GPS Navigation Coming to Nokia 770 Internet Tablet

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Navicore, a specialist in navigation software for feature phones and smartphones (including Symbian OS S60, S80 and UIQ handsets), is porting its GPS (global positioning system) software, Navicore Personal 2007, to Linux for Nokia’s 770 Internet Tablet. This is the first such solution for the handheld, which is designed to access the Web through a Wi-Fi connection for browsing, e-mail, VoIP calling and instant messaging.

The Navicore Personal 2007 software features maps, turn-by-turn directions, and points-of-interest data from Tele Atlas, which provides the same type of information to many other companies, including TomTom and RIM (for its new BlackBerry Maps application), for example.

It will be made available in Europe as part of a standalone bundle – including Navicore Personal 2007, a Bluetooth GPS receiver and a car holder – for 199 Euros (about $248), or as a total package that also packs the Nokia 770 itself this December. Both will feature UK and continental Europe street-level maps.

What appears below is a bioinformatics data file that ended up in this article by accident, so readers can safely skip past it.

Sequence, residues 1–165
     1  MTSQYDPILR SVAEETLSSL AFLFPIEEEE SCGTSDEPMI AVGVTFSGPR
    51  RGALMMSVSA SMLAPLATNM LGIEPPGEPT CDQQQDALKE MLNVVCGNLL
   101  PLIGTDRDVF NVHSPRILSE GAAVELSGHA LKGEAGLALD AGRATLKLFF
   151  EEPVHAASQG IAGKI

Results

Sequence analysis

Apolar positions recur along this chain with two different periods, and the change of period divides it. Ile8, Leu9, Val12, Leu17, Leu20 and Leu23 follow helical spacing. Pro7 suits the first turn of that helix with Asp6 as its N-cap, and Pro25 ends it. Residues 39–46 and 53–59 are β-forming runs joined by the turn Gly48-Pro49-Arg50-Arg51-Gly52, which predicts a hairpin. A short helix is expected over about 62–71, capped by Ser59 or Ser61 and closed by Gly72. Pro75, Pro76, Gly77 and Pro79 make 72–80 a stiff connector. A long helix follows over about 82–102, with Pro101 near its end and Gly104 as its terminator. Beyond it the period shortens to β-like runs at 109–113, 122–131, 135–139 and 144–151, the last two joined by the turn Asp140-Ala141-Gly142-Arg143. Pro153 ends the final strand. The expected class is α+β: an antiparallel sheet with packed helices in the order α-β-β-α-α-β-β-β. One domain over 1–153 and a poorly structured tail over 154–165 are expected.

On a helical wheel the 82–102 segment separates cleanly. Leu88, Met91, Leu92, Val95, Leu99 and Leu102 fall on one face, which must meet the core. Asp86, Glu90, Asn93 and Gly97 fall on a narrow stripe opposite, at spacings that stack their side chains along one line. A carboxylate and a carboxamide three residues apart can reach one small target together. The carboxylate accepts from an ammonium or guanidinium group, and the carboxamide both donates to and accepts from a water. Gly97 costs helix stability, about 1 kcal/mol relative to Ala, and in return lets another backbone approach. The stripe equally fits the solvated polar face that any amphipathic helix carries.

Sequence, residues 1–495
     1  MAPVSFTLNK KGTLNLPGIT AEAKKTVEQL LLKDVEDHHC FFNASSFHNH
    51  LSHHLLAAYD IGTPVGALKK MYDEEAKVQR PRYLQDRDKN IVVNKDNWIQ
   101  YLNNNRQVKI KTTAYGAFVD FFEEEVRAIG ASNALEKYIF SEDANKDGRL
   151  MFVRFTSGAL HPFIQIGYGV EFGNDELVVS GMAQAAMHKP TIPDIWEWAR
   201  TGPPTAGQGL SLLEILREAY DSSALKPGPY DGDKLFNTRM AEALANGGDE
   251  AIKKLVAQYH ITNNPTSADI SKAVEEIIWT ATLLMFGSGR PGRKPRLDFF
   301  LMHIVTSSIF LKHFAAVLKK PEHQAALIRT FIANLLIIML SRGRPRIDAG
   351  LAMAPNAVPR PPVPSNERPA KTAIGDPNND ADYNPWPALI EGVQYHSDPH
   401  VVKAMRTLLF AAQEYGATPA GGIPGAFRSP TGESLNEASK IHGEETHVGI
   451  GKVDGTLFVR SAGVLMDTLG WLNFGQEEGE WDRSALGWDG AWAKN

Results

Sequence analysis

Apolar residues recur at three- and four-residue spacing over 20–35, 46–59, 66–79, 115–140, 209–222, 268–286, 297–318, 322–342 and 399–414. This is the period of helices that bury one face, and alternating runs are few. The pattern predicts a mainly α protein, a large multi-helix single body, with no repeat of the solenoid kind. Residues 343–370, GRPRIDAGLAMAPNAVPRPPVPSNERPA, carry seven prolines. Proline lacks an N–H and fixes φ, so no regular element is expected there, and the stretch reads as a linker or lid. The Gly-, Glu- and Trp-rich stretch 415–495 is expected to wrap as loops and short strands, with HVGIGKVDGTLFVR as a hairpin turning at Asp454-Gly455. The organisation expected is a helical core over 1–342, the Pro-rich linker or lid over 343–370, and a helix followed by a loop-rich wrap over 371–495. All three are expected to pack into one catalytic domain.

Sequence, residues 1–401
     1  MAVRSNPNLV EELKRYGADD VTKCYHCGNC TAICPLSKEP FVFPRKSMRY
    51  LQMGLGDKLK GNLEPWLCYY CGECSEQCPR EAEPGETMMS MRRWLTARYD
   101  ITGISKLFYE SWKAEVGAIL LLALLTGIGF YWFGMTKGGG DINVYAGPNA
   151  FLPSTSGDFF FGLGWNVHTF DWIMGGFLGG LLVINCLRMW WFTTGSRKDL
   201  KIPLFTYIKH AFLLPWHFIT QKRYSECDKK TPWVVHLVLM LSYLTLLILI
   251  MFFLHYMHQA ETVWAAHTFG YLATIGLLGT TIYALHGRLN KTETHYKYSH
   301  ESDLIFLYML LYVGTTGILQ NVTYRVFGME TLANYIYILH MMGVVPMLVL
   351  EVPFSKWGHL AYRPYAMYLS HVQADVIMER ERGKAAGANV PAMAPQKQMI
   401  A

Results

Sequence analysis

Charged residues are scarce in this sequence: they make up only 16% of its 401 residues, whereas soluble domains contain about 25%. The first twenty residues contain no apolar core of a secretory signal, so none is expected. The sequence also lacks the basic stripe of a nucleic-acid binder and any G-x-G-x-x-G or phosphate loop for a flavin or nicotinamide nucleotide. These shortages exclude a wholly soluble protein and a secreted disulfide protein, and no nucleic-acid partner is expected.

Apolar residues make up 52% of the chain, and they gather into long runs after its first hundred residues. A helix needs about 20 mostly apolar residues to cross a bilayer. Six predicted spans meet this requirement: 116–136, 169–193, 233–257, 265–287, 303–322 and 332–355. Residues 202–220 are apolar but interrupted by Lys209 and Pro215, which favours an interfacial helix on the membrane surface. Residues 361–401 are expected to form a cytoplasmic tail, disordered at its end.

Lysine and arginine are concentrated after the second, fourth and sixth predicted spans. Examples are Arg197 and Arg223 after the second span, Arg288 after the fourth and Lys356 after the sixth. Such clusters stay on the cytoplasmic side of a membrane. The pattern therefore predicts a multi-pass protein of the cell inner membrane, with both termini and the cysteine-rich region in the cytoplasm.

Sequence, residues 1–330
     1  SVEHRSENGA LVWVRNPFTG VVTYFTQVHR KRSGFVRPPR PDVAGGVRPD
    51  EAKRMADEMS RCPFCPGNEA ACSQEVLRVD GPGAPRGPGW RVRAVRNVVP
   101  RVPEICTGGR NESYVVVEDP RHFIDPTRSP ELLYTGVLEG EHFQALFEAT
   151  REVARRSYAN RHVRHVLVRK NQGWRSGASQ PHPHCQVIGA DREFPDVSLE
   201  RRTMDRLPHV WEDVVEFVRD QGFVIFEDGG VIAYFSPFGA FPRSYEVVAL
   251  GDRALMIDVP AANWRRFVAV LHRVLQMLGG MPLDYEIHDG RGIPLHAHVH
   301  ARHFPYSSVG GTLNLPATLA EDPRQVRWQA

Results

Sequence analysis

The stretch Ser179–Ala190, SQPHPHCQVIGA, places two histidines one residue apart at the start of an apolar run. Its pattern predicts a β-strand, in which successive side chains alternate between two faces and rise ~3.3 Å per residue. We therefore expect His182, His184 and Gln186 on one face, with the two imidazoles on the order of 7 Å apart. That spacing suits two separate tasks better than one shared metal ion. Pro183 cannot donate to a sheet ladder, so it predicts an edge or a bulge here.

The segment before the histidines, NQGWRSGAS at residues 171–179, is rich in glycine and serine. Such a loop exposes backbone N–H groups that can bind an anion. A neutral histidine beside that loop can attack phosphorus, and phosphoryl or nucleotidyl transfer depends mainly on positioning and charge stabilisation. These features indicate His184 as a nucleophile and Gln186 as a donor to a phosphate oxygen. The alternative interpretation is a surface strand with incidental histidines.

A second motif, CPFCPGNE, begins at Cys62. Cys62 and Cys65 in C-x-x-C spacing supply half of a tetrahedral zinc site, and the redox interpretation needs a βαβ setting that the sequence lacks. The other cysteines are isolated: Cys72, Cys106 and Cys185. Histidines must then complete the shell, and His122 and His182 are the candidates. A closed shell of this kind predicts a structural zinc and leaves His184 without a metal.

If you want to use the GPS solution in the U.S., it looks like you’re going to have to buy optional American street maps, as Navicore hasn’t revealed plans to release a version of either Navicore Personal 2007 bundles in the states – at least not yet.

The 770 comes with applications to read RSS news feeds, listen to audio, watch video, and view images. While its Wi-Fi radio lets users access the Internet via broadband, support for Bluetooth enables you to use the tablet in conjunction with a Bluetooth-enabled phone or other peripherals, like the GPS receiver mentioned above.

It has 64 MB of RAM and a RS-MMC (reduced-size MultiMediaCard) slot for memory expansion.

The 770’s landscape touch screen display measures 4.1 inches diagonally and it runs at a healthy 800 x 480 pixel resolution. The unit measures 5.1 x 3.1 x 0.75 inches (141 x 79 x 19 millimeters) and weighs 8.3 ounces (230 grams).

Story courtesy of PDAStreet.

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